Wednesday, June 18, 2014

Long-Slip Striped Table Runner

Long-Slip Striped Table Runner

I'm not exactly sure why I decided to knit a table runner, but I think it was some combination of wanting to create a non-wearable knit for summer and NOT wanting to knit four whole placemats (if the baby won't even let me knit more than one coaster, you know a gaggle of placemats will never happen). Whatever my inspiration was, however, I totally dig the end result - colorful, cheerful, and functional, this table runner is a great choice if you want to keep knitting through the summer but don't want to make winter-y items. It would also make a lovely gift, if Christmas knitting is already on your mind...

A close-up of the pattern. So stripey!
Yarn: Plymouth Yarn Jeannee (51% Cotton, 49% Acrylic; 111 yards [102 meters]/50 grams); #0023 (Lavender) - two skeins (color A), #0006 (Sage) - one skein (color B), #0022 (Gray) - one skein (color C), & #0033 (Teal) - one skein (color D)

Needles: Straight needles in size 8, at least a 24" circular needle in size 6 (there's no circular knitting here, but you will need something long to pick up stitches along the edge of the runner)

Notions: Tapestry needle

Gauge: 18 stitches = 4 inches on size 8 needles

Using your color A yarn and your size 6 needles, cast on 53 stitches loosely. Then, work the following rows:

Set-up Rows 1 - 9: using color A, k1, * p1, k1; rep from *

Set-up Row 10: using color A, purl

And once these 10 rows are done, it's time to switch to our size 8 needles and our main pattern, which is Long-Slip Stripes from page 37 of Barbara G. Walker's A Second Treasury of Knitting Patterns. And although I hate to do this to you, I should mention that your finished result will be nicer if you clip the tails of each of your yarn colors after each set of four rows - the color pattern is a bit long to bring them up the sides effectively. Anyway, let's proceed as follows:

Rows 1 & 3 (right side): using color B, k1, * slip 1 with yarn in back, k1 *

Row 2: using color B, p1, * slip 1 with yarn in front, p1 *

Row 4: using color B, purl

Rows 5 - 8: using color C, repeat rows 1 - 4

Rows 9 - 12: using color D, repeat rows 1 - 4

Rows 13 - 16: using color A, repeat rows 1 - 4

Knit rows 1 - 16 eleven times (or more, if desired), and then switch back to your size 6 needle and knit the following edging rows:

Edging Rows 1 - 9: using color A, k1, * p1, k1 *

Bind off loosely in pattern and tuck in all the dang ends you've accumulated so far. And now it's time to pick up stitches along the raw edges of this piece! So, using your size 6 needle and your color A yarn, pick up 111 stitches along one of the piece's edges (if you chose to make the runner longer, pick up 9 additional stitches for each additional pattern repeat you complete - basically, you'll be picking up 6 stitches for the seed stitch edging on either end, and, like I said, 9 stitches for each pattern repeat). Then, work the following edging rows:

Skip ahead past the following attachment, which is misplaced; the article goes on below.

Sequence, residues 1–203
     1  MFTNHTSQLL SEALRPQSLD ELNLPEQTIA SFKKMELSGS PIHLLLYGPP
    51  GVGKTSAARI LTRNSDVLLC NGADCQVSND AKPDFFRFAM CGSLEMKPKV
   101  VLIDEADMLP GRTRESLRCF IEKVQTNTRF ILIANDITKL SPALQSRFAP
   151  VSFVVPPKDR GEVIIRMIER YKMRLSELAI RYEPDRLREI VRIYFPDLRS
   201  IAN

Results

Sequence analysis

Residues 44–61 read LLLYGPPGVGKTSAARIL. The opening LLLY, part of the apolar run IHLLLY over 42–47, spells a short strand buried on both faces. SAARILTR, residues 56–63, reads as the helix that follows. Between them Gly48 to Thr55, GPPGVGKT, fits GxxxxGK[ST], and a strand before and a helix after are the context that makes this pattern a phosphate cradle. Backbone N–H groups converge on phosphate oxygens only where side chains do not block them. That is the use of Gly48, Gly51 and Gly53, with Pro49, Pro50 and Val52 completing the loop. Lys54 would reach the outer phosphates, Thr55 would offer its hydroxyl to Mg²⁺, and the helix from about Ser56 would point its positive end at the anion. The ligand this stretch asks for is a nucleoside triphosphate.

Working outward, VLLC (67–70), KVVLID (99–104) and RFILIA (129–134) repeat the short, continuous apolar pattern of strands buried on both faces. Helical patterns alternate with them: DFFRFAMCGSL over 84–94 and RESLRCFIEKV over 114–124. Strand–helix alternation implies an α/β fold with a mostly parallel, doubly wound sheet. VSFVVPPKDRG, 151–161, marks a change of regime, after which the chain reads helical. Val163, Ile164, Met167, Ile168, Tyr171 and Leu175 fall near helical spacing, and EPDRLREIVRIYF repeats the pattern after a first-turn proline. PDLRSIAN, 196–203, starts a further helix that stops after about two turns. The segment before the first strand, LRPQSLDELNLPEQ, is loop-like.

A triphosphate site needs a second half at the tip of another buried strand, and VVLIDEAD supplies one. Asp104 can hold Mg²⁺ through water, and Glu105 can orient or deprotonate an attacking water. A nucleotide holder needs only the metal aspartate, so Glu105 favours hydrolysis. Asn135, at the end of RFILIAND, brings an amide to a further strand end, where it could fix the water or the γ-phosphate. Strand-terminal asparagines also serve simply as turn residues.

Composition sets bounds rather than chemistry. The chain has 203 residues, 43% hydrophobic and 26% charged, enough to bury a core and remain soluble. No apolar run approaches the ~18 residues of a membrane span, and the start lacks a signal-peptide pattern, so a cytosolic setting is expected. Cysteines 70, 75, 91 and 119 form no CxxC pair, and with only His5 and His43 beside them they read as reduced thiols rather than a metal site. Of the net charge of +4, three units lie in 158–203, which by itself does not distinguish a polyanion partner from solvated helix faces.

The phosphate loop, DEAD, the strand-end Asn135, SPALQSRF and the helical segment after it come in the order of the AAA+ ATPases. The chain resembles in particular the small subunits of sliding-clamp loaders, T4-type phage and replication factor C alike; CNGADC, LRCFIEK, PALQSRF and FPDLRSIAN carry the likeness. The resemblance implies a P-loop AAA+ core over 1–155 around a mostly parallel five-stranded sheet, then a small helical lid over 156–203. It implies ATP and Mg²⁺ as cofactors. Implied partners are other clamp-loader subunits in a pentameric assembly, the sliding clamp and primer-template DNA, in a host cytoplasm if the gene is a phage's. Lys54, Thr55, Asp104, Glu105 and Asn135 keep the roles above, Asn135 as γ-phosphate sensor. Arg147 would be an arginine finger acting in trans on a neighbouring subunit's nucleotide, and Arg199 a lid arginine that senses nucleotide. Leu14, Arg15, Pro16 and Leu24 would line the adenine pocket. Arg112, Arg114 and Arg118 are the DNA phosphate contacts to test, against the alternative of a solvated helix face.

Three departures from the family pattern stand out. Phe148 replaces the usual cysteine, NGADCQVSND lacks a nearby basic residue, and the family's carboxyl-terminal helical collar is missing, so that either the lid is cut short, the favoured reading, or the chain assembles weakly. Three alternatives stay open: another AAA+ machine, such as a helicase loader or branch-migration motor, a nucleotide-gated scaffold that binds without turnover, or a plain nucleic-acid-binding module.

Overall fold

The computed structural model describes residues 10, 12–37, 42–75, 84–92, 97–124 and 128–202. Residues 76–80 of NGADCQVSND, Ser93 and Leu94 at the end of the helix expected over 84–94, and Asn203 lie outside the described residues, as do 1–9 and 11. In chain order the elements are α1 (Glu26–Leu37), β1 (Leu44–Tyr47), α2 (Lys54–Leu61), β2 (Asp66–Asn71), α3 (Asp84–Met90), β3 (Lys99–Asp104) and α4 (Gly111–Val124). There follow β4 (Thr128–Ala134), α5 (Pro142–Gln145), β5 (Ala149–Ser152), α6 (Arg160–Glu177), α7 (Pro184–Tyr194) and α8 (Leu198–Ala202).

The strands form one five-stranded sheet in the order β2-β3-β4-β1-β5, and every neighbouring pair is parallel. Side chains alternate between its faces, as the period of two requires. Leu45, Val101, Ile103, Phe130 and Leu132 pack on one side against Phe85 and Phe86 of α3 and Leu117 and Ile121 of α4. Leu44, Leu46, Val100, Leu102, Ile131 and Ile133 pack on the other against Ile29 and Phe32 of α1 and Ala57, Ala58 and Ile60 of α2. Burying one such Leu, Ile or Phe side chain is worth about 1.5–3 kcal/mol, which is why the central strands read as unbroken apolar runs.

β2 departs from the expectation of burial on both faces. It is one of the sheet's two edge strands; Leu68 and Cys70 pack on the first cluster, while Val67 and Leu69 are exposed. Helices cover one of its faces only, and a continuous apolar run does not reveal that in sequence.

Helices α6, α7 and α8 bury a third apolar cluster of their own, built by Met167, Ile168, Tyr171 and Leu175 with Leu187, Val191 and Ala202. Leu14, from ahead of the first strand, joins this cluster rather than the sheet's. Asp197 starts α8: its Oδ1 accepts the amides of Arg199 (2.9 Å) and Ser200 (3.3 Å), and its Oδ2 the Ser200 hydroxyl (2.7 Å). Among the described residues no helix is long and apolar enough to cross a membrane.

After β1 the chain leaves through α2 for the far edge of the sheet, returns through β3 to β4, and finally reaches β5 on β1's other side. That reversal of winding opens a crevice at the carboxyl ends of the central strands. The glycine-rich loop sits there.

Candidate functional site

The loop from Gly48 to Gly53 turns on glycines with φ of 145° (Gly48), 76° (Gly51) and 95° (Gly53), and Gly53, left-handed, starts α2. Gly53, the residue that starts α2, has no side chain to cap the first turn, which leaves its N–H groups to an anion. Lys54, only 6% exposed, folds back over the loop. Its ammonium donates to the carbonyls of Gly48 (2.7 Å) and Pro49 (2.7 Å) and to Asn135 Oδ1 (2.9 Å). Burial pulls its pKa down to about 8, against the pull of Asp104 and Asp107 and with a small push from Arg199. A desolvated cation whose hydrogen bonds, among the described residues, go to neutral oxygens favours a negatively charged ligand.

Edging Rows 1 - 5: k1, * p1, k1 *

Once these are done, bind off loosely in pattern and repeat on the other side. Finally, tuck in ends and block. The slip stitch portion of this pattern will draw in more than the seed stitch ends, so you may want to block it a bit wider in the center.


  1. Is there a particular reason why you chose not to do the edge along with the pattern? I find that picking up and creating the edge is never identical on both sides.

    1. Hi there!

      Yes, the reason I didn't do an edge along with it is because of the fact that it's a slipped stitch pattern and those compress more than ordinary patterns. Because the very edge of the pattern does not contain slipped stitches, so it's bunched up and not terribly attractive.

  2. How did you get that stripy patten because i've been doing as the instruction said, but it looks nothing like the picture and I feel like I'm doing it wrong

    1. Hmmm... I think the instructions are accurate, so it's a bit hard for me to diagnose what's going wrong from here. The first thing that pops to mind: do you have your slipped stitches lining up? Because when you move from one color to the next you should be slipping stitches of the previous color for three whole rows, which is what gives the long stitch color overlay over the new color. That's the only thing I can think of off the top of my head - if you can give me a more detailed description of what's going wrong, or email me a picture at, I can try again! :)

    2. Thanks for the help! I found out what I did wrong I had an extra stitch which causes mt problem, but now it's fixed and looks like the picture

    3. Perfect! Let me know if you have any other questions. :)

  3. Hi there, thanks for dhar g yhis pattern, really pretty. I am wondering how long your runner was? I am trying to calculate how much yarn I need to do the runner and 2 or 4 placemats. Any guidance is greatly appreciated. Newbie knitter.

    1. Hi there! I believe this ended up measuring roughly 22" long. :)